An Update on HR-82 (Social Security Fairness Act of 2021) - NCPSSM

H.R.82 (titled the Social Security Fairness Act of 2021) proposed by Rep. Rodney Davis (R-IL) has advanced in Congress, advancing out of the Ways and Means Committee but still facing an uncertain future in the 117th Congress. In a post on, Dan Adcock, NCPSSM’s Director of Government Relations and Policy Dan Adcock noted that “…the chances that bill will be considered by the full House grow dimmer as the number of days on the legislative calendar for the 117th Congress dwindles.”

The Davis bill has received bipartisan support, with more than 290 cosponsors, and calls for repeal of Social Security’s Windfall Elimination Provision and Government Pension Offset provision. In support of the legislation, Rep. Richard Neal (D-MA) offered these comments: “This bill aims to address longstanding problems of WEP and GPO.  While well intentioned, these provisions penalize many hard-working public servants and their family members. After serving their communities for years, teachers, firefighters, police officers, and other public employees in certain states are hit with an unwelcome surprise after retiring, a reduction in their Social Security benefits due to WEP and GPO.”

NCPSSM, as well as the Association of Mature American Seniors (AMAC), has expressed support for change to WEP and GPO, but prefers that it be addressed in the context of overall reform and modernization of Social Security in the face of the program’s long-term solvency issues.

Read the NCPSSM post here and, for the text of H.R. 82, click here.

The links provided above connect readers to the full content of the posted articles. The URLs (internet addresses) for these links are valid on the posted date; cannot guarantee the duration of the links’ validity. Also, the opinions expressed in these postings are the viewpoints of the original source and are not explicitly endorsed by AMAC, Inc.; the AMAC Foundation, Inc.; or

An explanation of Social Security’s Adjustment to the Reduction Factor rule

Comments On This Topic

  1. I will be getting lump sump payment from OPERS when I retire from my county library job. I am 73 years old. Right now i am getting social security on my late husbands record. I myself worked less than 30 year and paid into social security. What do I need to do for GPO. Once the reduction of my social security is decided at my retirement, does it stay the same for the rest of my life?

    • Veena,
      After you take your lump sum distribution from OPERS, you should contact Social Security (1.800.772.1213 or your local SS office) to inform them. Even though you are taking a lump sum OPERS distribution, you are still subject to the Government Pension Offset (GPO), and Social Security will determine a monthly equivalent amount based on the amount of your lump sum distribution and your life expectancy. Once they have determined your OPERS monthly equivalent amount, they will reduced your monthly Social Security benefit from your husband by 2/3rds (.67%) of the OPERS monthly equivalent amount. And yes, that reduction is permanent. As you may know, if you are also entitled to your own SS retirement benefit (from work outside of OPERS) your SS retirement benefit will be reduced by the Windfall Elimination Provision (WEP). WEP will reduced your own earned SS retirement benefit, and GPO will reduce any spousal or survivor benefit from your husband.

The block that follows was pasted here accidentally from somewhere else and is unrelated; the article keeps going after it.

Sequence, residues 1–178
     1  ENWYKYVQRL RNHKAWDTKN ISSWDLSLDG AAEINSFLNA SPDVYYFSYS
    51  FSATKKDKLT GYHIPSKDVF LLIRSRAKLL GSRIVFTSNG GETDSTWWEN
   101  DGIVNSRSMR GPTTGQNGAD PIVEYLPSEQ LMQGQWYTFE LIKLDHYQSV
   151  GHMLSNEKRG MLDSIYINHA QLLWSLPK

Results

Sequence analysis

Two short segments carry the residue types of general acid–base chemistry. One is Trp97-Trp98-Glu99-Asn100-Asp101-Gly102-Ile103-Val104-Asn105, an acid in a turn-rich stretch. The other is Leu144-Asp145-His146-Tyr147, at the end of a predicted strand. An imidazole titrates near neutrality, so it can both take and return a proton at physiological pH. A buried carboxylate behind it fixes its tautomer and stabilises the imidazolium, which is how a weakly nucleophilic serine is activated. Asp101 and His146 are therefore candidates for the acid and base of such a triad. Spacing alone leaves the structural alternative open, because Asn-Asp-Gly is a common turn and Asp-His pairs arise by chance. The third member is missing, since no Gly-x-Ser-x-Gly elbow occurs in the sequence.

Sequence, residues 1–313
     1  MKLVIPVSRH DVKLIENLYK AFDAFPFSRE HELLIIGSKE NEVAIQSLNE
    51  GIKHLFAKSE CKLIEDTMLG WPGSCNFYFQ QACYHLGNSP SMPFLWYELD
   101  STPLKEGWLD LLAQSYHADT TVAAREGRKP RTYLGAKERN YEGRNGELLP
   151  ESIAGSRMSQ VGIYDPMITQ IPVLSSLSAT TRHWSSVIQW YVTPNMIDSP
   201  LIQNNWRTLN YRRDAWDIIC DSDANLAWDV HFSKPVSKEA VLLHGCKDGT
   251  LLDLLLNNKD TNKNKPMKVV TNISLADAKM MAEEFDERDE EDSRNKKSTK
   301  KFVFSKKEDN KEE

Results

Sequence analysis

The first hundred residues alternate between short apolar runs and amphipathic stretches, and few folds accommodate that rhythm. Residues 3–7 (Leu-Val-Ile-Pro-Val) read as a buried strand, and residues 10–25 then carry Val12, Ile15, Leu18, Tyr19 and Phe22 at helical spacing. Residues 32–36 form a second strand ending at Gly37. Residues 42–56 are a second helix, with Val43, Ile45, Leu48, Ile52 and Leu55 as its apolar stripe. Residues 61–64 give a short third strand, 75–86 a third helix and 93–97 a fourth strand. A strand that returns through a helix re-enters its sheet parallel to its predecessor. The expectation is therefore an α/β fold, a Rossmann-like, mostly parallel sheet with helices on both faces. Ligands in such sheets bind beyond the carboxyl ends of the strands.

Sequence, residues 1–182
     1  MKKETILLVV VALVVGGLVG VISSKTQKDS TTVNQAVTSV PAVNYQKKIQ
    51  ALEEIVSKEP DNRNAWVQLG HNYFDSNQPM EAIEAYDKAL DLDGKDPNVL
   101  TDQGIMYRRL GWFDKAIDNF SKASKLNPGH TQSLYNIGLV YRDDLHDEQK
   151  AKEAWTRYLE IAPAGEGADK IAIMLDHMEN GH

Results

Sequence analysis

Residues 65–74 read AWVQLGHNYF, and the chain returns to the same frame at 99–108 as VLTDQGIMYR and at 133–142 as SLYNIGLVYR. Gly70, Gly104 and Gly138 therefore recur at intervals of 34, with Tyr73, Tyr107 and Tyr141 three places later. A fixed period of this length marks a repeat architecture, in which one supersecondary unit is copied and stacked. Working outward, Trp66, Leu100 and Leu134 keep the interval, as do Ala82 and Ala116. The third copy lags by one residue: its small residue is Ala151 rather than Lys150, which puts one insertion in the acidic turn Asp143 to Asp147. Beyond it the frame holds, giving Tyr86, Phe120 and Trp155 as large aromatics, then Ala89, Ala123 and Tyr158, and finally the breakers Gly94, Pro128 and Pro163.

Russell Gloor
      National Social Security Advisor
      The AMAC Foundation

  2. I have been retired for almost 19 years. My social security was cut by more than half, even though I had over 40 quarters. I social security should have been around $800.00+, instead I was penalized over half to $300.00+.

    • Fred,
      From what you’ve shared, I presume that you have either a Federal or a State pension which was earned without contributing to Social Security, which means that Social Security’s Windfall Elimination Provision (WEP) would reduce any Social Security benefits you became entitled to. Having 40 or more “quarters” of Social Security benefits doesn’t automatically entitle you to full benefits – there are other factors which affect how much your benefit is. Those factors mainly include your age when you claim, and the monthly average of your lifetime earnings from which you contributed to Social Security. But the monthly payment you are entitle to from those factors will be reduced by the WEP provision if you have a separate pension which you earned without contributing to Social Security. That is a rule that was enacted in 1983 to correct what is viewed as a “windfall” compared to what other SS beneficiaries (who don’t have a “non-covered pension”) receive. You may find the information at this link informative:
      Russell Gloor
      National Social Security Advisor
      The AMAC Foundation

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